When you’re in a financial bind with no way out, it’s time to start considering your options. This can also mean that you may need to thinking about the pros and cons of bankruptcy. Although the word strikes fear into the hearts of many people, there are both good and bad aspects of going through with the process. One of the most common types of bankruptcy is Chapter 7, which is mainly geared toward unsecured consumer debt, such as credit card debt. As you move forward, here are some of the pros and cons to consider of filing for Chapter 7 bankruptcy.
If you’re looking for a quick turnaround, Chapter 7 is the way to go. Cases are usually completed within three to six months, after which time eligible debts are discharged, according to Nolo. There are certain types of debt, however, that cannot be discharged, such as student loans and unpaid child support. If you’re ready to take action now and you have a good deal of dischargeable debt, then Chapter 7 is one of the fastest and most efficient ways to do so.
If you file for Chapter 7 bankruptcy now, Oswalt Law Group cautions that you’ll lose the opportunity to do so again in the near future. In other words, don’t be the boy who cried wolf too many times. Make sure that you’ve truly exhausted all your options, and that Chapter 7 is the right choice for you. If you’re going to file, do it at the right time and plan ahead.
A big perk of Chapter 7 is that it happens fast, and as your debt is discharged, you’ll be able to get your credit back on track more quickly as time passes. Although this type of bankruptcy stays on your credit report for ten years, in the meantime you can work toward using credit responsibly. If you’ve had a consistent reliance on credit cards, it also gives you the opportunity to learn how to change your lifestyle to accommodate a cash-only existence. You can also say goodbye from dealing with debt collectors calling every day and receiving past due notices in the mail. Chapter 7 may have a negative impact on your credit score for a certain period of time, but it also means a fresh start.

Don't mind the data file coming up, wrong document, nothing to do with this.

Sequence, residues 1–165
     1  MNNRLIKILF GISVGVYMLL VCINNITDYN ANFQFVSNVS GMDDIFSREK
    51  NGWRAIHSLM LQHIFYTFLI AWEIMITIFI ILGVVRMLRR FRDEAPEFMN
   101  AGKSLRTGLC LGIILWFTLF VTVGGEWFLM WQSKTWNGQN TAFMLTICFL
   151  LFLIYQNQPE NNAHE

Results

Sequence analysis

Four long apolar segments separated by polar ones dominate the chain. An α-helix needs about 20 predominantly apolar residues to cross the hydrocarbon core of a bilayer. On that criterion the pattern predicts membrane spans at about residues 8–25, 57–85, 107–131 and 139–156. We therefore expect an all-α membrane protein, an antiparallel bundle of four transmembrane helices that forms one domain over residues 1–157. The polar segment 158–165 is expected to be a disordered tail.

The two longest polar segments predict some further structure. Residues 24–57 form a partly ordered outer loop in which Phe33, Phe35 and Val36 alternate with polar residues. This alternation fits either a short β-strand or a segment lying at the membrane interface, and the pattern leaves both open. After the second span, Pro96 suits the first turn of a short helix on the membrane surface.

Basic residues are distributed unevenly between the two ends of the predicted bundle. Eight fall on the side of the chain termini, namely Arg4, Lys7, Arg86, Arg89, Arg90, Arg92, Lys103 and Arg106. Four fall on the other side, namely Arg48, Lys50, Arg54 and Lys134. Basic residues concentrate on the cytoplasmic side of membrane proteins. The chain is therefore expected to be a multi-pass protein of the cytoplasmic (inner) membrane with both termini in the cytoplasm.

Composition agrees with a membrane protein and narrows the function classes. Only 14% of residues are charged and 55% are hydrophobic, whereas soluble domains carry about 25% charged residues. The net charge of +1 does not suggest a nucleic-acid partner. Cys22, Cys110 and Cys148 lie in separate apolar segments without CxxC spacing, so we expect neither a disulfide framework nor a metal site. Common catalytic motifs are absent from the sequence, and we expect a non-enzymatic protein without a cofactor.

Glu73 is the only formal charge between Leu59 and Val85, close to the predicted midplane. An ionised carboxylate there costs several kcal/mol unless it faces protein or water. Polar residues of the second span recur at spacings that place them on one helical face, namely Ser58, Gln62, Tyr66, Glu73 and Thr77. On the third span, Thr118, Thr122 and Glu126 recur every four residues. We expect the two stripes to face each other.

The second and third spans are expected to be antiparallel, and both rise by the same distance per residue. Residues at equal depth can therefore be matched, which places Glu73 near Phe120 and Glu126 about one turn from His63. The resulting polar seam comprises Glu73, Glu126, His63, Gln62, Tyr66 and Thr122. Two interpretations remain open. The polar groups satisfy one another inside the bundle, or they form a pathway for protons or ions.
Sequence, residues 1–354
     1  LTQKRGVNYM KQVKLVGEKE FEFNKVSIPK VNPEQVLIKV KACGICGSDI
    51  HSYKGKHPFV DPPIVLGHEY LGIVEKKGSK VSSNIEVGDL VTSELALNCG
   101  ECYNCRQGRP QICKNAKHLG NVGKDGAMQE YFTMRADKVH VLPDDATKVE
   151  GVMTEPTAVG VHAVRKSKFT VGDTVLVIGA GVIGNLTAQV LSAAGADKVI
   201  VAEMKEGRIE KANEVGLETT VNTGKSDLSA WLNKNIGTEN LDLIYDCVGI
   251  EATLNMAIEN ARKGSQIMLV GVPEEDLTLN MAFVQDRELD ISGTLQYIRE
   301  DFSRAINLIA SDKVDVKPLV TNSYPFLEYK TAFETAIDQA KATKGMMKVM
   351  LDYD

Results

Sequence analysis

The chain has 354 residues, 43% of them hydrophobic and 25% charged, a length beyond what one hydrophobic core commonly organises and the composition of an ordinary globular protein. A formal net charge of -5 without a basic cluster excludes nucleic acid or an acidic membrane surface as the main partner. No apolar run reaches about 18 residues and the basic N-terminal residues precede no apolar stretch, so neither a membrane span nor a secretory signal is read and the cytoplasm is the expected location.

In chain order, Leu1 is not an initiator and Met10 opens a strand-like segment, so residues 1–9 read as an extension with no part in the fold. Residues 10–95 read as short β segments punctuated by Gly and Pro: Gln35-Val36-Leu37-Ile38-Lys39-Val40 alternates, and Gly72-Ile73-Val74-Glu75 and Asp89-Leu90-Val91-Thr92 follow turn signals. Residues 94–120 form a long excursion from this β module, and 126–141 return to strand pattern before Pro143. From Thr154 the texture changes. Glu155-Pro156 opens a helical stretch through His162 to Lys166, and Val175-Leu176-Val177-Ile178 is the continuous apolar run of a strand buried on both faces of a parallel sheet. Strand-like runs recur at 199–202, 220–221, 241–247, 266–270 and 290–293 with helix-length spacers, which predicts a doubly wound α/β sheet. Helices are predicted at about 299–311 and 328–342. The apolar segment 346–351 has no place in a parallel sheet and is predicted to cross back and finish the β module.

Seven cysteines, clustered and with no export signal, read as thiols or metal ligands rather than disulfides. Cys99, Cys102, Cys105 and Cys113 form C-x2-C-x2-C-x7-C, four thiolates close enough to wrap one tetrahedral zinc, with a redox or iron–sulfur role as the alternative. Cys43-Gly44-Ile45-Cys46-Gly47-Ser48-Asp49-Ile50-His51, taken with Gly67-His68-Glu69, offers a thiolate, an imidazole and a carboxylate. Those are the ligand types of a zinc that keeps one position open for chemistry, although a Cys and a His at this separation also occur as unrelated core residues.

Under Chapter 7, eligible debt is quickly discharged, but as noted by Nolo, you also don’t get to retain nonexempt property. Your property will be seized, sold, and the proceeds divvied up amongst your creditors. If you don’t have any property you need to protect, then Chapter 7 can be a boon to your financial situation. Be careful about what’s considered exempt and nonexempt, though. There are many ins and outs of filing for Chapter 7, including what you’re allowed to keep.
The best way to approach whether Chapter 7 is right for you is to assess your own personal needs. Every situation is unique, and there’s no “one size fits all” when it comes to bankruptcy. Consult with an attorney at Van Horn Law Group to find out what route will put you on the road to financial stability.
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